Debbie Harry, frontwoman for Blondie, turns 70 today so we’ve taken a look back at the lavish history of the rock and roll queen.
One way or another, Blondie are a pinnacle band from the 70s that are still going strong and continuing to tour and release music. Releasing their debut self-titled album in December 1976 which featured classics like ‘X Offender’, ‘Rip Her To Shreds’ and ‘In The Flesh’, it was a daring and strong introduction to a band that would become legendary – however, no singles from the album would manage to chart in the UK or US.
The bands big break in the UK came in 1978 with the release of their gender-swapping cover of the Randy & the Rainbows’ hit ‘Denis’, which hit the charts at #2. Their second album ‘Plastic Letters’ followed and reached number 10 in the UK albums chart. The album also featured ‘(I’m Always Touched by Your) Presence, Dear’.
Commercial and worldwide success arrived the same year with the release of their third, and most successful, album ‘Parallel Lines’ – which managed to hit the top of the UK albums charts, and was their first US top 10 album aswell. Soaring with multiple hits like ‘Hanging on the Telephone’, ‘One Way or Another’, ‘Sunday Girl’ and US number 1 ‘Heart of Glass’ – the album remains as one of the most era-defining albums of the late 70’s.
Blondie continued to ride on their success as they launched straight from one album campaign to another with the release of the forth studio album release ‘Eat to the Beat’. Lead single ‘Dreaming’ was a number 2 hit in the UK. In 1980, the band hit the top spot of the US singles chart again with ‘Call Me’, which was taken from the soundtrack album for the American Gigolo movie. ‘Atomic’ followed shortly after and was another UK #1 for the band.
The fifth album from Blondie came in 1980 with ‘Autoamerican’ which featured the massive, US number one hits ‘The Tide is High’ and ‘Rapture’.
In 1981, Debbie Harry released her first studio album with an eclectic album cover by visual effects artist H. R. Giger. The album showcased the early Nile Rodgers sound which would later become the leading sound for the 80’s. The album wasn’t too much of a commercial success but showed Debbie’s talented flair and determination to be a successful and respected musician.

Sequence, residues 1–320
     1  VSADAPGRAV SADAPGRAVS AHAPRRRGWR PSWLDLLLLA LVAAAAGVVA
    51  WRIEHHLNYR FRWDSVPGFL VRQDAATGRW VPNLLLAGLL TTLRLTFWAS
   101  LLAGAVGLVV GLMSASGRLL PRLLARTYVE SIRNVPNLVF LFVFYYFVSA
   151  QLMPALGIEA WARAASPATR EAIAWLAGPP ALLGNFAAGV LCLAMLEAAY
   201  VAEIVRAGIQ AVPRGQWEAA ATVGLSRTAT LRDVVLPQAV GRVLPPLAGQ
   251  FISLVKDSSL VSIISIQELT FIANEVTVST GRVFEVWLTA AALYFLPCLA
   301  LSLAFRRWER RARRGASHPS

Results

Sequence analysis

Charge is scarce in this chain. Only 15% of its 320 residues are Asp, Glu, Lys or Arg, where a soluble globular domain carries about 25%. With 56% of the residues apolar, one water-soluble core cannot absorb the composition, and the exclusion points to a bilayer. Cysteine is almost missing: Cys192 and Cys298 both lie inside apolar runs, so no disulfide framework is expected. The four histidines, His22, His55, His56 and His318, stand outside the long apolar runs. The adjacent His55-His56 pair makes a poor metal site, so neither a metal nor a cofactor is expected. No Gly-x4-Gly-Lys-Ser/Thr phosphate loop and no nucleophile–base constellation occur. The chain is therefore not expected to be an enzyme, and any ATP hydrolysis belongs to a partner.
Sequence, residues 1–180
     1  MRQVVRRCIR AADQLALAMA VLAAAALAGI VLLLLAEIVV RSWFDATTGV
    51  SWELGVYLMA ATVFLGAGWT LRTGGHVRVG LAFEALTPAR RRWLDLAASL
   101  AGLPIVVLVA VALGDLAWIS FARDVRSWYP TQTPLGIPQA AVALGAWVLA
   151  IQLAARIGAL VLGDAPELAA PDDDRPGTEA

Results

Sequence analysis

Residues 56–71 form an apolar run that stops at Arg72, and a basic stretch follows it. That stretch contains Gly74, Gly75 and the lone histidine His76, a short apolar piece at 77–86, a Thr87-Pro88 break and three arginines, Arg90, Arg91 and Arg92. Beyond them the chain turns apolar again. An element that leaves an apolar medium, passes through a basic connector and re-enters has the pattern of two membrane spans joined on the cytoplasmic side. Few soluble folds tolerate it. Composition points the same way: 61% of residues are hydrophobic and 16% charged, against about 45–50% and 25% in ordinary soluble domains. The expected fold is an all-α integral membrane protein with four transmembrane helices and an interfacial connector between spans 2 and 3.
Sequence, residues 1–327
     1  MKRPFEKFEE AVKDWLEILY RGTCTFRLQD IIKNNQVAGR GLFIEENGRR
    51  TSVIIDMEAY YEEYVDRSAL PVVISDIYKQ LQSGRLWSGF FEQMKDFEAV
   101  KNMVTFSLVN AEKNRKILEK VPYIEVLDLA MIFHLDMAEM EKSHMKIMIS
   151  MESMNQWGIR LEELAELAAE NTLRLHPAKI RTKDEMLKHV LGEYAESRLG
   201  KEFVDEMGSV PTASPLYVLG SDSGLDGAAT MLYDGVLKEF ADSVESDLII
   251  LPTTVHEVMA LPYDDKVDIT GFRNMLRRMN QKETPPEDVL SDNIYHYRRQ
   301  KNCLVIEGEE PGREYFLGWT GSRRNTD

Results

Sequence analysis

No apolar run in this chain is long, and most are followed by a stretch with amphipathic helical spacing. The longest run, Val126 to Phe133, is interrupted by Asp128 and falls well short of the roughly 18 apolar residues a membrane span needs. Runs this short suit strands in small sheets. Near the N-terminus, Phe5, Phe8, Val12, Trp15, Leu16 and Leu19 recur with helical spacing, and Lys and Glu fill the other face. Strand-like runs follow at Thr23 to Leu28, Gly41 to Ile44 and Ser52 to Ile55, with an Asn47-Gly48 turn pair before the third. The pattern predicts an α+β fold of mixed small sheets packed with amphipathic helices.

Debbie returned back with Blondie in 1982 for their sixth album release ‘The Hunter’, which turned out to be their lowest charting album since the release of ‘Plastic Letters’ showing a fatigue in the band and the public. This turned out to be their last studio album for 17 years.
During the break, Debbie continued with her solo career releasing three albums: Rockbird in 1986, Def Dumb & Blonde in 1989 and Debravation in 1993. Her biggest solo hits were ‘French Kissin’ and ‘I Want That Man’, with the most success coming in the UK. Meanwhile, Debbie would continue to appear on television and in small yet noticeable roles in film.
Blondie’s record label released a swing of remixes in the late 80’s and mid 90’s to try and drum up a more, fresher sound for the band – with the 1994 remix of ‘Atomic’ being the most successful of the lot. In 1999, a resurgence came for the band. Releasing their first album since 1982, ‘No Exit’ became a massive comeback for the band stemming ‘Maria’, which would go straight to number one in the UK and become just as memorable as their 70’s and 80’s classics. 1999 also saw Debbie being recognized as the 12th greatest woman of rock and roll by VH1’s 100 Greatest Women of Rock & Roll poll.
The band have continued to have a slow and steady chart history, releasing a further 3 studio albums: 2003’s ‘The Curse of Blondie’, ‘Panic of Girls’ in 2011 and most recently, ‘Ghosts of Download’ in 2014. The band have remained touring around the world, showing that the band are still a force to be reckoned with.